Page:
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FINDING YOUR WAY
ELECTRICAL: Plugs, Appliances etc.
SHIPPING BOXES for moving
ELECTRICITY: WHAT's DIFFERENT (Than we're used to at "home")
ELECTRICAL INFO "HERE":
OK, this will be "What's different from the US", for the moment, as that's what Terry (King) knows...
Hopefully others will lend their perspective...
Both the "Euro Standard" and "Italian Standard" sockets and plugs are used. Both types are shown below.
"Euro" Type Plugs and Sockets:
The "safety ground" connection is the two metal strips at top and bottom of the plug.
Most plugs we see are made to fit
the sockets here, and another standard used in France, Tunisia etc. They look like this (right):
Many low-power, ungrounded devices such as table lamps, small appliances etc, use a two-prong plug and socket that looks like this (left):
Italy today has two different standards in wide use, the "Euro Standard" shown above and a legacy "Italian Standard" series of plugs and sockets shown on the right here. Note that there are two very similar plugs. One has larger diameter pins and is rated at 16 Amps and the other has smaller pins and is rated at 10Amps. The Sockets are different also, so the larger diameter 16 Amp plug will not fit into the 10 Amp socket. (The 10 Amp Plug will fit into the 16 Amp socket but it will be loose and make poor connection. An adapter, available in most supermarkets, is a better solution).
In particular, small 2-pin plugs used on small lamps and radios etc. will be
loose in the 16 Amp socket.
Dual-Sized Italian Sockets:
Many 16 Amp Italian sockets these days have provision for inserting both 10A and 16A plugs. Here are examples:
Adding Italian Plugs:
Because it is so difficult to find adapters to USA type plugs in Italy it is often easier to cut off the USA plug and attach a Italian or Euro type plug. Plugs are available in many supermarkets or "
" (Hardware) stores. You'll need a small screwdriver for the screws, and Wire Cutters/strippers. If you have a multi-outlet strip with Universal sockets like the one shown below, changing the plug to an Italian type may be very useful. Here are photos of the insides of typical 10A and 16A plugs, and detail of the screw-type wire connections, which are much easier to get right than most USA plugs. OH: The Green or Green-Striped wire goes to the center connection, other two to the other pins, either way.
You are responsible for knowing how to do this safely, or finding an qualified person.
AND, there are many small appliances, especially the "wall wart" type power supplies for various chargers, that have the "USA Standard" "Type A" plugs that look like this:
SO: How can we plug the "USA Type" plugs in??? You will need a
Adapter. There are individual units that plug into a single socket, like the one on the left of this photo here: (The adapter on the right is for "Great Britain" type plugs (see below)..) NOTE: These are VERY hard to get in Italy (perhaps they are "illegal"?? )and you should try to get them before you come here!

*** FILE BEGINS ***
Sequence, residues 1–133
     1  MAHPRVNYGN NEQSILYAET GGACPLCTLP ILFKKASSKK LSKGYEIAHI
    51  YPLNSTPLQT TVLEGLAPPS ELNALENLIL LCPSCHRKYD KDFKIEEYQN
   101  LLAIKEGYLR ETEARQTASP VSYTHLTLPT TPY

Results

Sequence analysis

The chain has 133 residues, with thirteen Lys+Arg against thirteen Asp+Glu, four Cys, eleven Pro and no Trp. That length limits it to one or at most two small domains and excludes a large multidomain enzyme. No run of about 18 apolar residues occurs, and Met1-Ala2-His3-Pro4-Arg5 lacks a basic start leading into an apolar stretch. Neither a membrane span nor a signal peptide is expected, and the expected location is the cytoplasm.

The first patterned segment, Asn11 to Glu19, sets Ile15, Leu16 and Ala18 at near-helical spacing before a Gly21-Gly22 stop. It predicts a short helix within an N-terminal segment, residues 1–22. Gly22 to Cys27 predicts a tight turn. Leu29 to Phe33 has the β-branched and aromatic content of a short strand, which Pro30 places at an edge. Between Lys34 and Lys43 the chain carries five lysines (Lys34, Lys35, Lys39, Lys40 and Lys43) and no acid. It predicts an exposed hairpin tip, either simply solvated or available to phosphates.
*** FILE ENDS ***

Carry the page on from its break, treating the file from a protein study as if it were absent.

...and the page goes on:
There are also multiple outlet strips that can take almost any plug, like this: (Try to bring these from USA etc.) Many of us have had to cut off the USA plug and attach an Italian one, however.
AND there is one more plug variation we need to deal with: The huge 3-prong "Great Britain" plug that is often seen on high-power appliances such as tea pots, microwave ovens, etc. It looks like this: It can be plugged into the multiple outlets strips and adapters.
OK, almost there! Being able to PHYSICALLY plug something in does not mean the VOLTAGE is right!
The local Italian system is 220 volts 50 cycles. Most all devices you get in Italy are 220V.
Incandescent light holders are mostly Edison screw base (i.e. same as USA). Local 220V bulbs fit these sockets, so typical 'simple' lamps (without dimmers or touch-switches) will work here with a new bulb.
North American appliances (120 volts) will need converters (transformers) to accommodate 220 volts. They are available at larger hardware stores. (Small capacity (100 watt) transformers are (sometimes) available, and are OK for small 120V units like camera/phone/Laptop chargers, radios, etc. )
However, many recent appliances, chargers etc. are made to be used
, and are labeled "100 - 240Volts" or the like. These can be simply plugged in to any 120 or 220 volt systems and work fine. (
Read the fine print on them
).. Computers often have a small switch on the back, on their power supply, that can be set for 120 or 220 volts:
Get it right!
Many newer monitors and printers are "worldwide" and work on any voltage. (Again, the fine print..)
Note: should a 120V only device be plugged into a 220V outlet, the penalty
be that only the AC adapter
gets ruined (if it has this as a separate plug-in unit) . The device itself may be ok. For example, many battery chargers and lower power electronic devices like routers take AC as input and convert to low voltage DC output. So when plugged into 220V, the adapter keeps supplying DC to the device at the requested output voltage but the adapter's coils get fried internally because they are designed for 120V input only. This simply means you need to buy an appropriate replacement AC adapter to get the device to work again.
Just in case you haven't had enough, click here
For MORE information on power and plugs, WorldWide:
(A WikiPedia entry)
Frequent travelers from 120 volt countries should consider investing in dual-voltage appliances for curling irons, curlers, traveling irons, hair dryers, etc.
And, you may have noticed that a few high-powered units like air conditioners are marked 380 Volts. What's
all about? The incoming building power is "3-phase" "Wye Connected" and 380 Volts is, of course, 220V times the Square Root of Three. If you hang around with Engineers you will have to endure some of us talking like this :-)
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